Scouting Washington means scouting John Wall

John Wall, John Jenkins
The Wizards begin and end with John Wall. (AP)

The Wizards begin and end with John Wall. (AP)
It’s hard to think about much of anything in the wake of the tragedy that occurred at the Boston Marathon today, but I’m going to do my best here to help do what sports is mostly intended for and distract you (and myself) from today’s evens. My thoughts and well wishes to those affected by the tragedy today, and my gratitude to the law enforcement officials and first responders working to restore normalcy in a shaken city. If you are outside of Boston and unable to help directly, I suggest donating to the American Red Cross if you are financially able.

With that in mind, let’s look at tonight’s matchup, between the 47-33 Brooklyn Nets and the 29-51 Washington Wizards.

The Wizards’ poor record is a bit of a misnomer. Without star point guard and first overall pick in the 2010 NBA Draft John Wall, the Wizards started the season a porous 4-28, including a 12-game losing streak to start the season. With Wall in the lineup, the Wizards are no pushover, and have been a much more respectable 24-23 — a record that, if extended over a full season, would place them as the seventh or eighth seed in the East.

What’s different with Wall on the court? Everything they do offensively. While their defense is essentially the same — they allow 100.5 points per 100 possessions with Wall off the floor and 100.2 with him on, a negligible difference — the offense undergoes a complete transformation. They’re a full eight points per 100 possessions better offensively with Wall on the court than off (102.5 per 100 with him on, 94.5 with him off). To contextualize, that’s the difference between being the 17th-best offense in the league and the worst by over three points per 100 possessions.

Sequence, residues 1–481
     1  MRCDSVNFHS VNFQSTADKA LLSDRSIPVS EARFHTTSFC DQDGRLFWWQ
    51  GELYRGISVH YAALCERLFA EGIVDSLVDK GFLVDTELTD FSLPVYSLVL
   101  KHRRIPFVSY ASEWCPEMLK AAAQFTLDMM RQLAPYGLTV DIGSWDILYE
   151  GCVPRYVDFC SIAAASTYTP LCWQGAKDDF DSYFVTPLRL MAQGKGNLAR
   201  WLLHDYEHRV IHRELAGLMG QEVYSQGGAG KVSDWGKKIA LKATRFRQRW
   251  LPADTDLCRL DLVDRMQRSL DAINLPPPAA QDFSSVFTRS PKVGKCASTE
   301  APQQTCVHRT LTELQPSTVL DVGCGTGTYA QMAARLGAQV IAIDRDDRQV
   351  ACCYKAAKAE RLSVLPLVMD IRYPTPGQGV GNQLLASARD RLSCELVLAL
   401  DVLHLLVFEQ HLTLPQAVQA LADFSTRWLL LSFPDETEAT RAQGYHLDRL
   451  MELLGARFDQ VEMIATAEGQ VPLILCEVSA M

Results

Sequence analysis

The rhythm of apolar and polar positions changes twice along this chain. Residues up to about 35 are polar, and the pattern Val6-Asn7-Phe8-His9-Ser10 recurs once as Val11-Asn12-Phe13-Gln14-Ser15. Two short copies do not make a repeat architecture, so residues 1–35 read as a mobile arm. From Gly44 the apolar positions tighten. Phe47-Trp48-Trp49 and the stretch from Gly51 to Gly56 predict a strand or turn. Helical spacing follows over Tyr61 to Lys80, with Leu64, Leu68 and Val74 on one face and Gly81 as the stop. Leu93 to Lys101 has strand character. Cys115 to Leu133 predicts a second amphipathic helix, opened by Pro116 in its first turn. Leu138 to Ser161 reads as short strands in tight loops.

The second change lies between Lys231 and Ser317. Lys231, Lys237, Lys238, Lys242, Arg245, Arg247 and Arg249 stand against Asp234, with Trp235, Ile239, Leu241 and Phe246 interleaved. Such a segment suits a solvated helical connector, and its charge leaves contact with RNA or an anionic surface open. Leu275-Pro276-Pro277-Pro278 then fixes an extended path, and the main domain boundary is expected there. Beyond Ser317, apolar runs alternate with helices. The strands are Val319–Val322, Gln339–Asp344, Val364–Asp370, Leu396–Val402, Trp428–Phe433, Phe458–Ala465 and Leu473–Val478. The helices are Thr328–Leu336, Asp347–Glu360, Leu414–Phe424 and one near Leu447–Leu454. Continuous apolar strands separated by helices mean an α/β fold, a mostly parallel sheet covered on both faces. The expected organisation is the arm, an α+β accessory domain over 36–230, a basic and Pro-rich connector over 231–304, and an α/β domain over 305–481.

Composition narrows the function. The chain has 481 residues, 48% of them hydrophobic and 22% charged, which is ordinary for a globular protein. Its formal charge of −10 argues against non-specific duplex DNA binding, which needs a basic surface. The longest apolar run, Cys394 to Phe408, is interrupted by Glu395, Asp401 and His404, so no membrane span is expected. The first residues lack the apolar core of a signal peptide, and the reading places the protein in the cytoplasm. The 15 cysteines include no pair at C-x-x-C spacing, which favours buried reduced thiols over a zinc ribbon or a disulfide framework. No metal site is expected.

On the season, Wall has averaged 20.4 points and 8.4 rebounds per 36 minutes, shooting 44.7% from the field in 47 games. His PER of 21.0 ranks him sixth among all point guards.

Wall can’t — and hasn’t — done it purely alone. Emeka Okafor is a double-double machine. Nene is expected to miss the season, but is one of the league’s best centers. The Wizards will be without rookie guard Bradley Beal, who’d been on fire since Wall returned, averaging 15 points per game on 46.8% shooting (46.6% from three-point range). But the difference starts with Wall as the team’s fulcrum.

The team plays at a much faster pace — an average of 97 possessions per 48 minutes, four more than with him off the floor. As a whole, the team shoots better — from the field (45.9% to 41.7%), from 3 (40.7% to 34%), and they take more shots at the free throw line (24.4 per 48 minutes to 19.0). Jared Dubin of HoopChalk did a great post on how the Wizards’ shot selection as a team has changed since Wall’s return. Despite one Wall criticism — that he’s a bit loose with his decision-making and commits a high number of turnovers — the team turns the ball over less with him as the floor general.

Of course, the Nets have their own star point guard — Deron Williams — but Williams will sit, along with every other starter from Sunday afternoon’s game. So if you’re looking for reasons to watch, you may have to settle for “good basketball from Washington’s point guard.”

(Also, for Toko Shengelia. And for Andray Blatche’s inevitable 20 field goal attempts. And for Reggie’s bench celebrations. Actually, there might be a lot to root for tonight.)